Province No. 5: The Lumbini Development Trust organized a Sarus cranes festival to preserve Sarus cranes (Grus antigone), the world’s tallest flying bird. The Sarus Cranes Festival was held on the premises of the World Peace Pagoda in Lumbini. This is the first festival of its kind dedicated to the species.
Vice-chairman of the trust, Mr. Abdhesh Kumar Tripathi said-” Sarus cranes conservation has become quite challenging now due to the increasing use of insecticides and pesticides in the fields, human encroachment, and shrinking cultivable land.” He added the festival was organized to raise awareness among people about the importance of its conservation. Aside from garnering visibility for the bird species, the festival has also worked as a platform to attract tourists to the Lumbini area.
The sarus crane is often found in the Indian subcontinent and Nepal where Lumbini is its main residence. Large non-migratory birds were included in the IUCN red list of endangered species in 2000 when its population declined.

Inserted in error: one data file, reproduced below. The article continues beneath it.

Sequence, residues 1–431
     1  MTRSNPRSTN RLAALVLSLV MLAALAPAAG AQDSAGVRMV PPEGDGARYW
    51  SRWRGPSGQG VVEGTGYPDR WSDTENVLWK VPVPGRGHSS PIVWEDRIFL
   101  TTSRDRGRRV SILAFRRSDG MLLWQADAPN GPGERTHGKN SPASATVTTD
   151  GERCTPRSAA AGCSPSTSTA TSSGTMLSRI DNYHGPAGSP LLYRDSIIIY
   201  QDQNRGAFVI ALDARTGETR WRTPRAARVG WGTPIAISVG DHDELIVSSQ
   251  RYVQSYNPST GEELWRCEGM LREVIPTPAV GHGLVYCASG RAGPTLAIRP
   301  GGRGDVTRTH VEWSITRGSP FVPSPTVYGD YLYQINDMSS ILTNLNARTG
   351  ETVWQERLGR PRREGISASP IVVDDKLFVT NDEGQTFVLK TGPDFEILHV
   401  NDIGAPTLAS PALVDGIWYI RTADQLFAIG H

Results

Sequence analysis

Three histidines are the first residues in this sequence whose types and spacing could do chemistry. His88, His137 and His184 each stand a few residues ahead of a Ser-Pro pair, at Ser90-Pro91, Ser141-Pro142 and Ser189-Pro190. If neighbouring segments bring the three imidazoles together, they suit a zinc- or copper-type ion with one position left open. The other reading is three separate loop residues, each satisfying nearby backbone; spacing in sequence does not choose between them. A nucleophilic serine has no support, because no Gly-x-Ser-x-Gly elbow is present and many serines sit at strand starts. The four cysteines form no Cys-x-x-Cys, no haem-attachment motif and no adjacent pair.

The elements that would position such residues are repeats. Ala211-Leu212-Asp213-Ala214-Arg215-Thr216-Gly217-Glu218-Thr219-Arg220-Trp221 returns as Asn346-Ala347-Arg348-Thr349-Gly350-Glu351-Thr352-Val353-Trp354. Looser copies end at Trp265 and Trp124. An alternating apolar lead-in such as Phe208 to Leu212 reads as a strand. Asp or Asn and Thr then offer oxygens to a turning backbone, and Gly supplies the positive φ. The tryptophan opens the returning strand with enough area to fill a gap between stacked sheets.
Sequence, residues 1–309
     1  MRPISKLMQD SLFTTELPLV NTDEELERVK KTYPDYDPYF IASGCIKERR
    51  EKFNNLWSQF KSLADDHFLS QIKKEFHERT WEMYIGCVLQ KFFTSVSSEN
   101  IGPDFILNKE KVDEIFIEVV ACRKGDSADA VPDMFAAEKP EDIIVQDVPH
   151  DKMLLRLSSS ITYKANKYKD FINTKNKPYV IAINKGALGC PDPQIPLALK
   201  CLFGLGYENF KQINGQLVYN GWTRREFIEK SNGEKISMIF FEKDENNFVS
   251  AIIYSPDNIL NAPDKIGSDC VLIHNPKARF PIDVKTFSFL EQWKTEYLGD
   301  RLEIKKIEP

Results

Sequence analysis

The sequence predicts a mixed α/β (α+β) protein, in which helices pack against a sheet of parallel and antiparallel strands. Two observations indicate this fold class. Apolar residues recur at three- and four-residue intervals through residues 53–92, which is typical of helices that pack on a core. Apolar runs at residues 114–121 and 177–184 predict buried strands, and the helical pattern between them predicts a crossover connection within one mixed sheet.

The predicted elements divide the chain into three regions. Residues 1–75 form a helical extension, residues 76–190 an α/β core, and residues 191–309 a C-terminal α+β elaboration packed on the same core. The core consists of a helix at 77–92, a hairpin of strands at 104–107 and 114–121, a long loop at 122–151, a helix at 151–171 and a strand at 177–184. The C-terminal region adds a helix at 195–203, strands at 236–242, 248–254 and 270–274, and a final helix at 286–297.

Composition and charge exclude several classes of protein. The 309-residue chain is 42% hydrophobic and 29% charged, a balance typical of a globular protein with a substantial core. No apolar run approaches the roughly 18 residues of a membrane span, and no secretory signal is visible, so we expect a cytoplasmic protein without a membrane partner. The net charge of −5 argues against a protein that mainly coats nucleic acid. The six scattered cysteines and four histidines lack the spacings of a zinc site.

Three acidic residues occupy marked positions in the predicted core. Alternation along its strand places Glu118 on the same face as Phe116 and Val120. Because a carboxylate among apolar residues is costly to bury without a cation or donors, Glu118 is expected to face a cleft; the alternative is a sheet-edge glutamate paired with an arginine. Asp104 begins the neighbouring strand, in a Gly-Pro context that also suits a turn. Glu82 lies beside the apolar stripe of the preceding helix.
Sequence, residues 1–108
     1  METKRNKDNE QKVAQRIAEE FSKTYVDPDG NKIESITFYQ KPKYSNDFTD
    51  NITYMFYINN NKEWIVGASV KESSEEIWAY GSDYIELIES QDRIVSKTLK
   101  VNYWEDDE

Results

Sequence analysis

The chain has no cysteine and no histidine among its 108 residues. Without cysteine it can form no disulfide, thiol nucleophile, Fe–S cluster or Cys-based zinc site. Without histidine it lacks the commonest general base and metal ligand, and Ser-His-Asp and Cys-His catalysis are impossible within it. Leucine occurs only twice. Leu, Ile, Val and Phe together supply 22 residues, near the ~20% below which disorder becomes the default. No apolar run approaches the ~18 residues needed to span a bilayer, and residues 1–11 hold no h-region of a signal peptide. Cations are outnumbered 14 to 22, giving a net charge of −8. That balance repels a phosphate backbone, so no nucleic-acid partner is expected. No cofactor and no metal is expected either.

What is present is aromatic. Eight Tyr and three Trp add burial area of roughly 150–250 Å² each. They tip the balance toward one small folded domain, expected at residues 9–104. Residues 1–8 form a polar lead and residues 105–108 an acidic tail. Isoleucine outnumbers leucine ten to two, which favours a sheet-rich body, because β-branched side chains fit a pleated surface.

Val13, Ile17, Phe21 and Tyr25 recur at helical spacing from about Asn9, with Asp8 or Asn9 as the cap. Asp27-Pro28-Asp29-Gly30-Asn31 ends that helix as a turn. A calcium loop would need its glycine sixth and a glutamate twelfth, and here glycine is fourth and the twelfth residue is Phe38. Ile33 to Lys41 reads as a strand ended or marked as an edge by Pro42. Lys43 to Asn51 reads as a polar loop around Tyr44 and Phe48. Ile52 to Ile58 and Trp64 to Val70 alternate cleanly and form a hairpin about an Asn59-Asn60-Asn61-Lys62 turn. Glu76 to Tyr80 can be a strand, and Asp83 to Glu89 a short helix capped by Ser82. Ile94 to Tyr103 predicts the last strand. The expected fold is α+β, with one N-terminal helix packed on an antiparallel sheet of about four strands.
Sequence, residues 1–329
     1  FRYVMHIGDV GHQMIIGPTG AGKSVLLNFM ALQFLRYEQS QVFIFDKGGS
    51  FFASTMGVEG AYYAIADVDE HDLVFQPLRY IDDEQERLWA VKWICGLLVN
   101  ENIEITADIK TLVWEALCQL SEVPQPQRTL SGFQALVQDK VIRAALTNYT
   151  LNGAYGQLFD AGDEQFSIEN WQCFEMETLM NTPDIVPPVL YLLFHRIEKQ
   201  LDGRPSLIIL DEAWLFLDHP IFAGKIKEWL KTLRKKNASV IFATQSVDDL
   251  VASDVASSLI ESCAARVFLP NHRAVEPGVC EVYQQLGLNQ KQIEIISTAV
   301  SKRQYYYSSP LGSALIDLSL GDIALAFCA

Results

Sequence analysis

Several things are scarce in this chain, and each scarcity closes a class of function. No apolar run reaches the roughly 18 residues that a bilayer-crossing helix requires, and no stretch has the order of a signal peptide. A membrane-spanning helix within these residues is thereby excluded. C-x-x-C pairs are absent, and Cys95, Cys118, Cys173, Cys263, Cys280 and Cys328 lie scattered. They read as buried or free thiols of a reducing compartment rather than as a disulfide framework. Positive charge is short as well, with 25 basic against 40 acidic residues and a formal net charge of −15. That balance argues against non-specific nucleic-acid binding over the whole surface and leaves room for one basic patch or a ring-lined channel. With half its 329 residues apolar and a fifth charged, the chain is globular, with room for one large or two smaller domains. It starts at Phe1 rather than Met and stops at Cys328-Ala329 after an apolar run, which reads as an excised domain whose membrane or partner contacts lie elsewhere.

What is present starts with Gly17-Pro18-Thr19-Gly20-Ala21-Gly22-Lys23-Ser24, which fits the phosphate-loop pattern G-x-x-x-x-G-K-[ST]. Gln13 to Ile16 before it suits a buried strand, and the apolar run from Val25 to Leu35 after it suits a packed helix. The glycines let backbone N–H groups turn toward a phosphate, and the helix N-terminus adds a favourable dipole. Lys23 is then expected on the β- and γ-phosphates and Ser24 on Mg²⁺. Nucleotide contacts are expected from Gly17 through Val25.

According to conservationists, the number of threatened species has been declining in the country in recent years. The birds are at risk of being exposed to the electrical wires when they come in contact with live electricity wires and become prey to stray dogs while on the fields foraging for food.
Mr. Hemsagar Baral, an ornithologist, said-” There could be around 500 sarus cranes in Nepal. Among them, about 300 are found in Kapilvastu, Rupandehi and Nawalparasi districts.”A photo exhibition of the bird species was also organized during the festival of the birds. The festival also organized a drawing and essay writing competition on the theme of ‘bird conservation’ among the students of various secondary schools in the area.
The Lumbini Development Trust signed a contract with the United States International Crane Foundation in 1994 and engaged in stork crane protection in the area.